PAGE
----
I got some sticks of water soluble graphite on the advice of Ruth, who works at our marvelous local art store the Art Center. I’ve loved my tin of it, which I use with a brush, but I hadn’t tried the sticks. I love having an art store with local artists working who know and use the stock. I especially love not having to order and wait for days if I get a new project in my head. I had woken up with several new prints dancing around in there and went to buy the blocks so I could start right away. I’m working on them now, but in the meantime, here are the graphite sketches I’ve been doing. After all the packaging and marketing and reprinting of the holiday season, it’s good to get to do spontaneous art again. I’m so grateful for everyone who buys real art for presents. I absolutely couldn’t do what I do without you. But I’m also grateful to be past the push and with a little winter time to play with new ideas.
Speaking of presents, I got an email from Antiques Warehouse (a big, neighborhood antique mall that I love) that they were open on Christmas Eve. I went over there just for fun on my quiet holiday and found the mirror above. I’d hoped for one on a stand that I could use for self portraits, but this one was $8, nice looking, big enough to really see, and lightweight to move around in my various work spaces. A total win. I got it and the Royal Doulton teacup (bottom right) for my gifts to myself, and I’m enjoying both of them. I feel some more self portraits coming. I’ve missed doing figures lately.
I was so inspired I did two pieces before I even got home. I started with one page in my smallest journal of the abstract sculpture by the Solferino metro station. This was what I had hoped. I kept the watercolor to a light wash and then mixed graphite and ink (the heavier tree branches) for the foreground. It was uncharacteristic restraint for me, and I was excited.
I do know that it’s a little odd to come to Paris and paint myself, but there’s a lovely huge bathroom counter and great directional light and a largish mirror (none of which I have in my midtown, old fashioned home), so it’s an inviting place for self portraits. It’s also my 6th year here, and I feel like I’ve kind of exhausted, for now, what I’d really like to say about this place in watercolor. I brought oil pastels to try, but as much as I want to like them, I’m really not enjoying working in them. Plus Paris is also my time for self examination, and that is always literal for me, going hand in hand with self portraits as I think and plan for the year ahead. All of which adds up to a number of self portraits.
One of the things I love about Paris is that it is created for beauty. The details on so many of the buildings are exquisite and fascinating. I began to have an idea about them and spent walk home from the Orsay sketching a good number of them (which tripled my time home, but it was so worth it.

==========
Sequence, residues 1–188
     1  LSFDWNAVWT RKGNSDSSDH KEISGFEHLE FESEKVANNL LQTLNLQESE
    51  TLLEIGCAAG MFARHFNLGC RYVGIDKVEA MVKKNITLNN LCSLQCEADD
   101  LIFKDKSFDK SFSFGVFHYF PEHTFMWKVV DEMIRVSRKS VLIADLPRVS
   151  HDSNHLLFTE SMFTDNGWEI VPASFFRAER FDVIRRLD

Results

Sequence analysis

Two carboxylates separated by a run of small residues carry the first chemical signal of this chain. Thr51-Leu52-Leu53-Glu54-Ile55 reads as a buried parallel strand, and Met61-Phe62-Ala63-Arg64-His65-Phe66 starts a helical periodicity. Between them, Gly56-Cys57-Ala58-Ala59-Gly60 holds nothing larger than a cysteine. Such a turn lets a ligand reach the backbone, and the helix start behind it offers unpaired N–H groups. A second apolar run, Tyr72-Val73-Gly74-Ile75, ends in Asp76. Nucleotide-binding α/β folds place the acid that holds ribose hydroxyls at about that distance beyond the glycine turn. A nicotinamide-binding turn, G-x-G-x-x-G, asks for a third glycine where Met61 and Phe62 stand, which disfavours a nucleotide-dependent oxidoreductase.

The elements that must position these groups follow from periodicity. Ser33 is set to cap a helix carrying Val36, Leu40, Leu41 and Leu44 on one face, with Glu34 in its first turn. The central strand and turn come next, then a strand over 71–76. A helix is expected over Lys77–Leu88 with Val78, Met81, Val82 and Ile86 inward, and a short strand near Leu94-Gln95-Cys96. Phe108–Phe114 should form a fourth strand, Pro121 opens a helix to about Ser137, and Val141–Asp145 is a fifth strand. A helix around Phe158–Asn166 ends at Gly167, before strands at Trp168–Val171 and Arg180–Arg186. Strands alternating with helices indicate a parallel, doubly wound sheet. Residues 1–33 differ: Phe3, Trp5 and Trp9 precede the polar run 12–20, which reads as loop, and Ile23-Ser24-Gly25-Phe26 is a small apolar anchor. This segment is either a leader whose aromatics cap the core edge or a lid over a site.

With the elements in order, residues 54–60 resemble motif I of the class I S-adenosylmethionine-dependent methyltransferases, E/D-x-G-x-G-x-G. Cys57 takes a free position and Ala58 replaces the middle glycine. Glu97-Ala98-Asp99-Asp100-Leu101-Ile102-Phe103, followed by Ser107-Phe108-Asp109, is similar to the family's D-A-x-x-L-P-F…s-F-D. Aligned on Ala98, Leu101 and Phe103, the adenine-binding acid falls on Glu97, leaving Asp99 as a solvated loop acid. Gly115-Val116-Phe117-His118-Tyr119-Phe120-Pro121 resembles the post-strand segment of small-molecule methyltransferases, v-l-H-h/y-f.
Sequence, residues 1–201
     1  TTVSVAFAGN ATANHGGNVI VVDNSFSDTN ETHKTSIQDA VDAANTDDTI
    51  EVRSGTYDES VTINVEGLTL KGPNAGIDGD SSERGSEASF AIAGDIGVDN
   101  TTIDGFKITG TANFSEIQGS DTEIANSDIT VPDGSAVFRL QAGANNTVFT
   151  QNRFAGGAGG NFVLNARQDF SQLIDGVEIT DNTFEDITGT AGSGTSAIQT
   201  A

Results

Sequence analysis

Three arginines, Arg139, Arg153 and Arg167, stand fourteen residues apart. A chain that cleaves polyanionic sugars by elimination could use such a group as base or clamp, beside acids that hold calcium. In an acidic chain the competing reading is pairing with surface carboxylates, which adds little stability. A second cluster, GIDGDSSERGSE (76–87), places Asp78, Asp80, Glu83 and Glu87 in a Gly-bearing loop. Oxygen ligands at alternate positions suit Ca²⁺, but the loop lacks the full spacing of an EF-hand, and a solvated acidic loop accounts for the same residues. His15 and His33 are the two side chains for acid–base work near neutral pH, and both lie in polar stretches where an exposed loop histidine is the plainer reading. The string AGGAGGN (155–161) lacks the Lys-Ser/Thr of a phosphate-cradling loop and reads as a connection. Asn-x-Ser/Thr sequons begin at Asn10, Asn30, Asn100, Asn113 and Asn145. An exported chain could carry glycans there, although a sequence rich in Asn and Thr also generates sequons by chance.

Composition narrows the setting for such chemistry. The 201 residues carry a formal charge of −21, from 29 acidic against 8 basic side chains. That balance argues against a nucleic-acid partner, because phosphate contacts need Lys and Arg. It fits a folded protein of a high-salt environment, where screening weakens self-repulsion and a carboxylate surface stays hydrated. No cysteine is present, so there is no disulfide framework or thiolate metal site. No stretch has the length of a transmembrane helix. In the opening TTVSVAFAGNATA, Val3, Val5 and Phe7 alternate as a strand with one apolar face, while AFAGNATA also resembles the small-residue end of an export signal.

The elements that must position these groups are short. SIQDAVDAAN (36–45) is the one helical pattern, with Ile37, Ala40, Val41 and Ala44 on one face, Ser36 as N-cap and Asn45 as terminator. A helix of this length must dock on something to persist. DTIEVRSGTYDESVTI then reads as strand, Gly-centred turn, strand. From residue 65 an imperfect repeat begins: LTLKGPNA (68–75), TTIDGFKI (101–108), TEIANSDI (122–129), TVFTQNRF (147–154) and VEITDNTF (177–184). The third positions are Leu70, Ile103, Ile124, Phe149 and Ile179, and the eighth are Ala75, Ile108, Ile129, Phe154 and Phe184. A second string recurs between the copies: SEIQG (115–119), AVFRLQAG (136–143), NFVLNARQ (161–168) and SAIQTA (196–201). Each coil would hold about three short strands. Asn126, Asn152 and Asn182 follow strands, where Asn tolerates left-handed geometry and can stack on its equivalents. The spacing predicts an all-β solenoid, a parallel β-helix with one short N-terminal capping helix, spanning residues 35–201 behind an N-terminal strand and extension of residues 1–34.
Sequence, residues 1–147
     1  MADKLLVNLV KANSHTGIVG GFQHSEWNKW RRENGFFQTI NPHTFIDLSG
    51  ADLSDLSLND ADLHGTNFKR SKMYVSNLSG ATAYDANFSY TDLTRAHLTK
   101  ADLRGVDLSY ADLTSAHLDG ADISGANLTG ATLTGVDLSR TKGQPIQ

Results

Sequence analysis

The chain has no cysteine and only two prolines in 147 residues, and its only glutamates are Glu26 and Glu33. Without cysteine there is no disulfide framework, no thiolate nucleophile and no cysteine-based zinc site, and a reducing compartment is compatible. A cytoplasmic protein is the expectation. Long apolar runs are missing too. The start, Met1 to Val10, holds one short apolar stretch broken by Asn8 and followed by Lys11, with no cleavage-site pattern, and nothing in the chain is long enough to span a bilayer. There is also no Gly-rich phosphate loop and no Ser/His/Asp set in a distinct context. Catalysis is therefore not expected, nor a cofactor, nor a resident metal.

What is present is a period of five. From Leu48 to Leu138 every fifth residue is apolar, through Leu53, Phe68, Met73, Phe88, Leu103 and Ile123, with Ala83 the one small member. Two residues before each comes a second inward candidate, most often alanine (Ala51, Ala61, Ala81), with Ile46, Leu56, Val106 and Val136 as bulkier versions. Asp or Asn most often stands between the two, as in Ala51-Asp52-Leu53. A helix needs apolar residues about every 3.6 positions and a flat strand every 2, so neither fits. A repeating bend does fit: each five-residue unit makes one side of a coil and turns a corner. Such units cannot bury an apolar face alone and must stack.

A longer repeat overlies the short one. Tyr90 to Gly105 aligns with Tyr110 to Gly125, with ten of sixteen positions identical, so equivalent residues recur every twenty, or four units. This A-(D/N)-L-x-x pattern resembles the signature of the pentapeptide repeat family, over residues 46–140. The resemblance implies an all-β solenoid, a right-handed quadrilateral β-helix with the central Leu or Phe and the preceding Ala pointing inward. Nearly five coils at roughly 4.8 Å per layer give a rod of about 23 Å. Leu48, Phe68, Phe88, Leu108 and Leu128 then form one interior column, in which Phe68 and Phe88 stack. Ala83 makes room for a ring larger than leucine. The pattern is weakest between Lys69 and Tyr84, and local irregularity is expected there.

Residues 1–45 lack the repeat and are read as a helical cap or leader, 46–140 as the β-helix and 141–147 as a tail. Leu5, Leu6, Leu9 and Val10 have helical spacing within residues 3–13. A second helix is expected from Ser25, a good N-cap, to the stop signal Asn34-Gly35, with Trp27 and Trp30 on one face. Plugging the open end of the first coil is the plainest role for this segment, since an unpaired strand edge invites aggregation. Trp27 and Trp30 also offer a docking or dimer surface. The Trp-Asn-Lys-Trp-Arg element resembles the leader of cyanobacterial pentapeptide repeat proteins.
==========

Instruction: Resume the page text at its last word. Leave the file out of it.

One of the great things about Christmas being over is that now I once more have time to make art for myself. I love commissions, but I have a backlog of ideas that I am now champing at the bit to get to. Steady readers of this blog will remember this block from back in October. I had meant it to be a single, black and white (or brown and white) image, but I began to wonder about putting color behind it. I've carved a second block, and yesterday was its first test run. I have to fix places where the color drops down into the figure, and I'm doing a bit more refinement as I go, but it's close to what I want. The orange definitely amplifies the 70's vibe it already had, but I'm a child of the 70's, so that works for me. I'm hoping it conveys the joy I feel when I play music.
I always seems to do self portraits in Paris. I walk a lot on my own and think, and self portraits seem to be an instinctive part of my self examination process. I did several watercolor ones while I was there, but I had the idea for this one near the end of the trip and took a few photos to help me do it in oils when I got home. My November show is called "Skyward" (a collaboration with Melissa Bridgman), and I decided it would be neat to have a figural piece or two as well as just landscapes. I've been enjoying oils on paper tremendously since I got home.
I took some photos as I painted, as I have been remembering to do lately, so here's the behind the scenes peek.
Martha Kelly is an artist and illustrator who lives and works in Memphis, Tennessee.
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